Traditions begin, end, revive and evolve.
Jim Nabors’ singing of “(Back Home Again in) Indiana” has become a signature moment at the Indianapolis 500. Moments before the command for the drivers to “start your engines,” Nabors belts out the song in a strong, baritone voice.
The pairing of Nabors and that duty seems improbable. After all, the actor was born in Alabama, lives in Hawaii, has never resided in Indiana, and is best known as the 1960s TV character Gomer Pyle. Then, on the morning of the 1972 race, Indianapolis Motor Speedway owner Tony Hulman asked Nabors to sing that day, Nabors said in a 2007 interview with The Associated Press. He thought Hulman wanted him to sing the national anthem, until the director of the accompanying Purdue University marching band clued him in. Nabors quickly jotted the lyrics of “Indiana” on his hand, and sang it.
Great story. Great tradition. For all but seven of the last 40 Indianapolis 500s, Nabors has sung “Indiana.”
The 40th anniversary of his Indy debut would be an ideal moment for the Speedway to mark the milestone and begin a transition to a new tradition.
It’s time to give the state song a prominent place in Indiana’s most legendary sporting event.
Some people, including many Hoosiers, assume that’s exactly what already happens every Memorial Day weekend when Nabors begins crooning. But “(Back Home Again in) Indiana” is not the state song. It just sounds like the real one. “Indiana” is almost entirely a ripoff of Paul Dresser’s “On the Banks of the Wabash (Far Away),” which the Indiana Legislature adopted as the state song in 1913.
The men who crafted “Indiana” in 1917 received permission from the publishers of “On the Banks of the Wabash” to borrow two bars of the original, written 20 years earlier by Dresser, who died in 1906. Instead, “Indiana” co-writers James Hanley and Ballard MacDonald liberally lifted the lyrics, melody and chorus from “On the Banks of the Wabash” to mold their song. The infringement went unnoticed until Dresser’s brother, Theodore Dreiser, heard “Indiana” in the 1940 movie “Remember the Night.” Dreiser started a legal challenge over the copying, but gave up.
In 1946, the knock-off tune permanently elbowed its way past “On the Banks” when Hulman asked New York Metropolitan Opera singer and race enthusiast James Melton to sing “Indiana” before the 500. Hulman was rebuilding and revising the Speedway and its traditions, after the track went dormant during World War II. Melton’s performance received good reviews, track historian Donald Davidson said in that 2007 AP story, and the song earned an annual niche in the race-day routine. Since then, 24 different singers have performed it, including several who (like Nabors) became familiar television faces: Ed Ames (Mingo on “Daniel Boone”), Vic Damone (host of “The Lively Ones”), Dinah Shore (host of “The Dinah Shore Show”) and Peter Marshall (host of “Hollywood Squares”).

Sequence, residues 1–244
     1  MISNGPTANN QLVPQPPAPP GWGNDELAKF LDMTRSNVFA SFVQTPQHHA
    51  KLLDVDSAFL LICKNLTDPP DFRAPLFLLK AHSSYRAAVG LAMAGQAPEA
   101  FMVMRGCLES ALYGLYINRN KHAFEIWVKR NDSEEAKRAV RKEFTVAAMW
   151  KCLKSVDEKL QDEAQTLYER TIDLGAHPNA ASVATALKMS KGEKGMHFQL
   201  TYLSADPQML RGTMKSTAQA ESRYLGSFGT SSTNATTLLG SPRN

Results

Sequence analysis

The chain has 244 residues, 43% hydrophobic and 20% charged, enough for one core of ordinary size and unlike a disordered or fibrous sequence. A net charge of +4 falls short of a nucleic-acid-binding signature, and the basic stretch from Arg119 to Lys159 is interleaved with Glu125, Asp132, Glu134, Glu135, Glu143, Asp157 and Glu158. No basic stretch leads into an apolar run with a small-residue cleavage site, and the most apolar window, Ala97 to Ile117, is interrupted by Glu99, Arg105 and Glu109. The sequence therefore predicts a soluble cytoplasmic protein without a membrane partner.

Nabors has missed his assignment only twice since 1987, once because of a Sunday rainout and the other due to a hospital stint. He’s currently scheduled to sing “Indiana” again at the 96th running of the 500 next month, said Speedway public relations director Doug Boles.
Meanwhile, the state song, “On the Banks,” will be performed by the Purdue band around 10:15 a.m., long before the full TV audience tunes in.
“Indiana” gets the marquee moment, just before the engines begin to roar. With more than 300,000 fans watching in person, and millions of others viewing on network TV, most people figure Nabors is singing the state song. Inadvertently, the Indy 500 has obscured “On the Banks of the Wabash” in favor of an imitation.
This year, the real thing should be moved up in the lineup. Just before Nabors pipes up with “Indiana,” the 500 organizers should enlist a Hoosier singer to deliver at least a verse and chorus of the largely forgotten “On the Banks.” John Mellencamp would be an excellent choice, or maybe Lafayette’s Jeremy Camp or Indy native Kenneth “Babyface” Edmonds.
Its inclusion might stir a little controversy, grab some headlines (Indy racing can always use those in the NASCAR era), and reacquaint the world with a beautiful song Dresser wrote about family, love and the Hoosier countryside. It also reaffirms an Indy 500 connection with Terre Haute, which is the hometown of both Tony Hulman and Dresser, and the setting of “On the Banks.”
Nabors will turn 82 a few days after this year’s race. By sharing the limelight with an “On the Banks of the Wabash” singer, Nabors could prepare 500 fans for a time when the state song would begin a new tradition as the pre-race standard, replacing “(Back Home Again in) Indiana” when Nabors chooses to retire.
At another historic sporting extravaganza next month, the Kentucky state song will choke up even the crustiest horse racing insiders. As the horses are being led onto the track at Churchill Downs just before the start of the Kentucky Derby, the University of Louisville marching band plays “My Old Kentucky Home,” the state song. Now, there are other great songs about the Bluegrass state, including “Kentucky Woman” by Neil Diamond, the country standard “Kentucky” by the Louvin Brothers, “Kentucky Rain” by Elvis, and “Blue Moon of Kentucky” by Bill Monroe.
But the Derby uses its state song — dated and politically incorrect as it is — written by Stephen Foster, who died in 1864.
Indiana has a dandy, too, and the 500 could remind us all of that.
Mark Bennett can be reached at (812) 231-4377 or firstname.lastname@example.org.
State song deserves a spot in the limelight at Indy 500
Traditions begin, end, revive and evolve.
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